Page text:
Piersall’s personal life was equally news-filled in these years. He and his wife, Mary, had nine children, but divorced in early 1968 and Piersall rarely lived near his children again. He married again, to a woman in Roanoke, but they were divorced during his years with the Rangers. He had a few health problems, culminating in heart surgery in January 1976.
In 1977, Piersall began a long career as a broadcaster for the Chicago White Sox, working beside Harry Caray. Theirs was a very productive and popular pairing, but Piersall continually got in hot water with the team for his criticisms of the White Sox players and for his off-color commentary. When told that Mary Frances Veeck, the wife of White Sox owner Bill Veeck, disliked some of his comments, Piersall said, “Mrs. Veeck is a colossal bore. She ought to stay in the kitchen where she belongs.” In response, the Chicago Sun-Times ran a poll asking if Piersall should be fired. Instead he received overwhelming support and kept his job. Bill Veeck himself, aware of Piersall’s popularity, kept silent.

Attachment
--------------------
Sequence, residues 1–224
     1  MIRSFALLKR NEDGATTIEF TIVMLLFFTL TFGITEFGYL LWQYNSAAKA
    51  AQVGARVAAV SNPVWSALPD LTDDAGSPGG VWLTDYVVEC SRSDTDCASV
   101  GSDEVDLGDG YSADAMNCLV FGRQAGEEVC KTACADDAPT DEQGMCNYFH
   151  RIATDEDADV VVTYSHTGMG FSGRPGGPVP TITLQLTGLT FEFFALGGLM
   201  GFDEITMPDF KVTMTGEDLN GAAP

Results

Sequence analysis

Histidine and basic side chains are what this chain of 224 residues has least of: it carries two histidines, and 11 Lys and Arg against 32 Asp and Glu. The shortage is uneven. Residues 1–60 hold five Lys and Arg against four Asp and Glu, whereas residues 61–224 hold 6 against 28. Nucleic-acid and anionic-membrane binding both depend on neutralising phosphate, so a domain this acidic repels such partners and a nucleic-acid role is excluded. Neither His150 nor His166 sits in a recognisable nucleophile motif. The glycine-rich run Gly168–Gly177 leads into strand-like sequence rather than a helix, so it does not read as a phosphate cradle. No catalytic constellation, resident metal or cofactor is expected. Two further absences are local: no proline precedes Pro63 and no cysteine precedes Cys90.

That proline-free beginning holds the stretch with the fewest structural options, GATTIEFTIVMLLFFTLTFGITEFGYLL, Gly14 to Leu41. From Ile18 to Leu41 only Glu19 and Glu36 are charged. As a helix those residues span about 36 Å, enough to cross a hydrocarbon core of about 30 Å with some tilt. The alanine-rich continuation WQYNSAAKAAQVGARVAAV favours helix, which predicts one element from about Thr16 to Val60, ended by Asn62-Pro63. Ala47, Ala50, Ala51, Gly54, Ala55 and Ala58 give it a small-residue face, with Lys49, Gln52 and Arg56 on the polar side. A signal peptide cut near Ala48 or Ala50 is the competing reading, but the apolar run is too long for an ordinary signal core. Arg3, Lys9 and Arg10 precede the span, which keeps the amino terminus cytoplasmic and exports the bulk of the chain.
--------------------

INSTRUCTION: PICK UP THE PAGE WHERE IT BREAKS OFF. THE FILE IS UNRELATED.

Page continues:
Piersall also worked as a part-time outfield coach with the White Sox, but manager Tony La Russa and the players forced his dismissal during the 1980 season because of the way he was describing their play during games. Soon thereafter, Piersall attacked a local writer, Bob Gallas, grabbing him around the throat, apparently because the writer was interviewing players about Piersall. Mike Veeck, the son of the owner, later looked for Piersall in the broadcast booth, and the two had their own scuffle. Bill Veeck forced Piersall to visit a psychiatrist, but when he got a clean bill of health, he again held on to his job. A couple of years later, on Mike Royko’s radio show, he referred to the players’ wives as “horny broads” who wanted security and money from their “big, strong ballplayer.” He worked the games through 1982 before his constant bashing of the team caused new owners Jerry Reinsdorf and Eddie Einhorn to let him go.